Intel continues to execute its "tick-tock" strategy, introducing a new microarchitecture (last year's Nehalem being the tick), followed by a new manufacturing process (the new 32nm Westmere process being the tock). At CES, Intel introduced seven new dual-core desktop processors (four Core i5 CPUs, two members of the new entry-level Core i3 series, and a new Pentium) manufactured using the 32nm process. Previously codenamed Clarkdale, the new chips support hyperthreading, so that multithreaded applications are presented with two physical and two virtual cores.
The Pentium G6950, the Core i3-530 and 540, and the Core i5-650, 660, 661 and 670 all feature integrated Intel HD Graphics in the same chip package (but not on the same die). Intel maintains that its new integrated graphics offering is good enough for both mainstream gaming (with support for DirectX 10) and Blu-ray video decoding. It supports DVI, dual simultaneous HDMI 1.3a and DisplayPort. It's also capable of streaming encrypted Dolby TrueHD and DTS-HD Master Audio soundtracks.
Intel's existing quadcore desktop processors, everything in the Core i7 series and the upper end of the Core i5 series, will continue to be manufactured using the older 45nm process. Intel does, however, have a six-core Westmere chip on its official road map. Codenamed Gulftown, the chip will supposedly reach the market sometime in the first quarter, well in advance of AMD's six-core offering, as part of Intel's Extreme Edition family. Intel has not yet disclosed branding, but rumor has it the chip will be officially labeled the Core i7-980X
Low power desktop CPUs
At the other end of the power spectrum, Intel in late December announced two new low power 45nm processors for entry-level desktop PCs: the single-core Atom D410 and dual-core Atom D510. Intel expects to see these chips used in all-in-one and small-form-factor PCs. The big news here is that Intel has moved the memory controller into the CPU, as it has done with its Nehalem architecture. This design change reduces the overall chip count from three to two, which lowers design and manufacturing costs as well as power and cooling requirements.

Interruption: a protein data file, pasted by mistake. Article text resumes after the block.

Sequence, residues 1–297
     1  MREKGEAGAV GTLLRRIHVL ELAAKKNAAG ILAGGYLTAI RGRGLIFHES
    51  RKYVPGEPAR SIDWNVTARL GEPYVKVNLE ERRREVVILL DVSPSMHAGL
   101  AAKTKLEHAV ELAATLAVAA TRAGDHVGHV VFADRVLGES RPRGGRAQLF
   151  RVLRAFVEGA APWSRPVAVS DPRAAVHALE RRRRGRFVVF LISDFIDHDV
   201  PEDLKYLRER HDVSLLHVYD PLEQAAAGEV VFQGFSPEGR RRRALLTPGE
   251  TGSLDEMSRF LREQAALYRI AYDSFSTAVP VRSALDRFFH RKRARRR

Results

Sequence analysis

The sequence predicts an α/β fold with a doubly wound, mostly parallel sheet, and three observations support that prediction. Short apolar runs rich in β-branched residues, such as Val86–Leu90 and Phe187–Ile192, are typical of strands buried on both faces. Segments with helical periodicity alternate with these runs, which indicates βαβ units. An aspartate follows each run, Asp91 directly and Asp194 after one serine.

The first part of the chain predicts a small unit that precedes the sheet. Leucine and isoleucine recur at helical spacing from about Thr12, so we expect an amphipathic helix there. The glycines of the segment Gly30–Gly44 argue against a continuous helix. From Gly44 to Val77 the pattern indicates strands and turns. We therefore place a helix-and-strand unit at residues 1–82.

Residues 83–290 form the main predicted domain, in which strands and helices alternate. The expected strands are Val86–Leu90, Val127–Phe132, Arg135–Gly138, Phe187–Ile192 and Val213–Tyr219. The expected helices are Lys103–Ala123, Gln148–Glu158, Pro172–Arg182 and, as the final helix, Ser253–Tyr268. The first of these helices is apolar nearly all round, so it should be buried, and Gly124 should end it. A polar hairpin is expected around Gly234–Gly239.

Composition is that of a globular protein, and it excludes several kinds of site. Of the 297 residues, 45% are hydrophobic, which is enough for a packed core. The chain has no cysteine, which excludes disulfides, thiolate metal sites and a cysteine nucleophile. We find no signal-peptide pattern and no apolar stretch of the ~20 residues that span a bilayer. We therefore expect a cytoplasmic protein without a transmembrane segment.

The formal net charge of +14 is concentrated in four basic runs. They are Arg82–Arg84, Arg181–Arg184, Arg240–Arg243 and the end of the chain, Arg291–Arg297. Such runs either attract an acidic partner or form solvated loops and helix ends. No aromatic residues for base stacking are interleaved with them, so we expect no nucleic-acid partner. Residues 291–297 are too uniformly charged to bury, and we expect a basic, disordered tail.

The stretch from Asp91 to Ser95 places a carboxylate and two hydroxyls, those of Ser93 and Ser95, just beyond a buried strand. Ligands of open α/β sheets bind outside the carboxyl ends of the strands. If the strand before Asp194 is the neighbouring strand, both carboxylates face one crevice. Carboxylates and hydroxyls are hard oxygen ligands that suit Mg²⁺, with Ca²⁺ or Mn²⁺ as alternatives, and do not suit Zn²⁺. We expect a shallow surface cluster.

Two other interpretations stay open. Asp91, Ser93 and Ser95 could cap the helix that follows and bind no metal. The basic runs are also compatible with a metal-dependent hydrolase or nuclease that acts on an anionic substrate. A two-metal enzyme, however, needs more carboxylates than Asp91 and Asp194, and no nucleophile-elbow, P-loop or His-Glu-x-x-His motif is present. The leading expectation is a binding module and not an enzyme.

The Atom D410 has 512KB of L2 cache and the D510 has 1MB of L2 cache. Both processors run at 1.66 GHz, have a 667-MHz front-side bus (FSB), and support hyperthreading.
Unlike Intel, AMD won't have any ultra low power offerings this year. "AMD needs to enter this low-power market, but it has been too preoccupied," says Tom Halfhill, senior analyst at In-Stat's "Microprocessor Report" newsletter. "With any luck, AMD will be ready for a rebound in 2010."
Via Technologies, which, according to Halfhill, pioneered the concept of simplified, low-power x86 processors, does have a promising alternative to Intel's Atom. The company began mass-producing its Nano 3000 series of CPUs in December 2009. The Nano 3300 runs at 1.2 GHz with an 800-MHz FSB, while the Nano 3200 runs at 1.4 GHz, also with an 800-MHz FSB. Both chips are manufactured using a 65nm process, but they offer a number of features that Intel's Atom-series processors do not, including full support for Blu-ray video.
In addition, the processors in the Nano 3000 series support either 800-MHz dual-channel DDR2 memory or 1,066-MHz dual-channel DDR3 memory, while the Atom is limited to 800-MHz single-channel DDR2. And where the Nano 3000 series supports a full range of video interfaces (including LVDS, DisplayPort and HDMI), the Atom D410 and D510 are limited to LVDS and VGA.
For all that, Halfhill predicts, "Via will be lucky to nibble a few crumbs of market share. It's too bad, because Via makes some good x86 processors."